This Code outlines the nursing profession’s commitment to respect, promote, protect and uphold the fundamental rights of people who are both the recipients and providers of nursing and health care.

It is supported by, and should be read in conjunction with, the Code of Professional Conduct for Nurses in Australia and the National Competency Standards for the Registered Nurse, National Competency Standards for the Enrolled Nurse and National Competency Standards for the Nurse Practitioner.

These three documents, together with other published practice standards (e.g. decision-making frameworks, guidelines and position statements), provide a framework for accountable and responsible nursing practice in all clinical, management, education and research areas. This Code is complementary to the International Council of Nurses (ICN) Code of Ethics for Nurses and is intended to be interpreted in conjunction with that code and related ICN position statements. It is further intended that the Code be read in conjunction with other ethical standards and guidelines developed by state and territory professional nursing organisations.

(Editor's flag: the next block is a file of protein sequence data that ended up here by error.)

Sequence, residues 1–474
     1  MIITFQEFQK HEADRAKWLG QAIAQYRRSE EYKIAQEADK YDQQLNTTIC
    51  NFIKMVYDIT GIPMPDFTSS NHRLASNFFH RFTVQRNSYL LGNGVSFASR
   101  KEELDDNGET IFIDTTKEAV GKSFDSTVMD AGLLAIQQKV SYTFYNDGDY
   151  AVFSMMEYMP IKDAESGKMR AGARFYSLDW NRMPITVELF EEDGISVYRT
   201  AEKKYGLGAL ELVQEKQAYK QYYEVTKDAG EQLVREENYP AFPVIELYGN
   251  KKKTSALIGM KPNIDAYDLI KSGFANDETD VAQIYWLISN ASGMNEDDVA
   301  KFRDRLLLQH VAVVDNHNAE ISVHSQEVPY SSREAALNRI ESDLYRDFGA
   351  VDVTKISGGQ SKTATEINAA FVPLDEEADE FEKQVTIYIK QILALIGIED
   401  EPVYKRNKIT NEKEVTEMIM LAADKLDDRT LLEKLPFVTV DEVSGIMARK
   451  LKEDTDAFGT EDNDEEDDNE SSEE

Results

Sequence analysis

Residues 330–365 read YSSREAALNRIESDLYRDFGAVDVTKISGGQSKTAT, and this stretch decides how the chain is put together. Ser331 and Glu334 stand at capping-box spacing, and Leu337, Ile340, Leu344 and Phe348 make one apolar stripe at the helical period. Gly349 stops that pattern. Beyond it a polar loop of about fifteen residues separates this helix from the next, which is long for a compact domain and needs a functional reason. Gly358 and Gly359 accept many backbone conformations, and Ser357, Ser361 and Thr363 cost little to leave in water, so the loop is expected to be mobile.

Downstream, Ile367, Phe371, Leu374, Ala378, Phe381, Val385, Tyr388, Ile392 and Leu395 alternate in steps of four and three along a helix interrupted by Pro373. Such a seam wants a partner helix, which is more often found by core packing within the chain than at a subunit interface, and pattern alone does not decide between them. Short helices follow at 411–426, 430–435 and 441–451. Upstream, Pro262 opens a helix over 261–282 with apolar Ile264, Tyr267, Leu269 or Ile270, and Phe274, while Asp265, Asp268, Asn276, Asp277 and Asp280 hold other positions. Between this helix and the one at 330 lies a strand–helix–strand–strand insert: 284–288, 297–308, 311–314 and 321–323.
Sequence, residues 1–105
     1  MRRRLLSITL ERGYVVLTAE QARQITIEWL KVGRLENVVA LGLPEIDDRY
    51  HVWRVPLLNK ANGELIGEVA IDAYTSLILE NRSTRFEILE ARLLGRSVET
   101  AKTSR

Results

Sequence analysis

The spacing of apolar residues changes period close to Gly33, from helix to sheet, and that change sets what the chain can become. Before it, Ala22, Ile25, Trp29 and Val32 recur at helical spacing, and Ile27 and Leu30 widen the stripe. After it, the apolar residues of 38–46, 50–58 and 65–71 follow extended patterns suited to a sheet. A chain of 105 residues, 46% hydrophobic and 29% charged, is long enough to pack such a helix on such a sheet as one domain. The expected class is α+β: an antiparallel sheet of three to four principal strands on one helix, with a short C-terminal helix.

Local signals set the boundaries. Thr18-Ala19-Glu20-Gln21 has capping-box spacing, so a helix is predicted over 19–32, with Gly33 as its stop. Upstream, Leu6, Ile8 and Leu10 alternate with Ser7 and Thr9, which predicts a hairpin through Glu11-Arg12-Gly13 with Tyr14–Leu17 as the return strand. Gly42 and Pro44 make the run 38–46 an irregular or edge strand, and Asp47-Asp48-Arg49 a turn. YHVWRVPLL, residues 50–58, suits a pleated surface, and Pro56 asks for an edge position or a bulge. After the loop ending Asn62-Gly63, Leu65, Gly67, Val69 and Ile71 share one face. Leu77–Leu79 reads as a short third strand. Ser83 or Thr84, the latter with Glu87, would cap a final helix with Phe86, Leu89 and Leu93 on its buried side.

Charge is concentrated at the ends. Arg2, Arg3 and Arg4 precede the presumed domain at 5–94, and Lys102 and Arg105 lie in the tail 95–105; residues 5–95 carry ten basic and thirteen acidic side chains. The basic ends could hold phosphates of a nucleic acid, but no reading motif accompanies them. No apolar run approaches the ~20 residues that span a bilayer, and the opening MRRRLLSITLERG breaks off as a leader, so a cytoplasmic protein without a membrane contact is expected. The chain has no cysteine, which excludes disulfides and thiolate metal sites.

Nursing Code of Ethics The nursing principles of ethics is the duty contained within the code of conduct. Nursing is a morally responsible profession in which duties must be carried out with respect to the individual. Nurses have a nonnegotiable obligation in maintaining the optimal health and quality of life of a patient. The patient is the main commitment in providing nursing care, along with the families and communities. The nurses concern for the patient’s well being is represented in the provision of the Code of Ethics. The purpose of this paper is to interpret the provisions from the Code of Ethics for Nurses in health care settings: respect for autonomy, beneficence and nonmaleficence, and confidentiality. Autonomy in Nursing Code…show more content…
Beneficence is the act of doing good, for example, rescuing a person from a burning house, advising an addict to quit doing drugs, or providing vaccinations to an individual. While nonmaleficence is the duty that HCP’s have to protect the patient’s safety and avoid evil, for instance: abstaining from saying hurtful words to a person, or not giving a harmful medication to a patient. Baillie et al. (2016) states it is impossible to do all good and also to avoid all evil. Provision 4 explains the nurse’s obligation in providing optimal patient care is determined by the appropriate delegations of tasks that a practicing nurse is responsible and accountable for. The patient has a legal right to negate treatment, as often seen, but that does not make it an ethical decision for their health.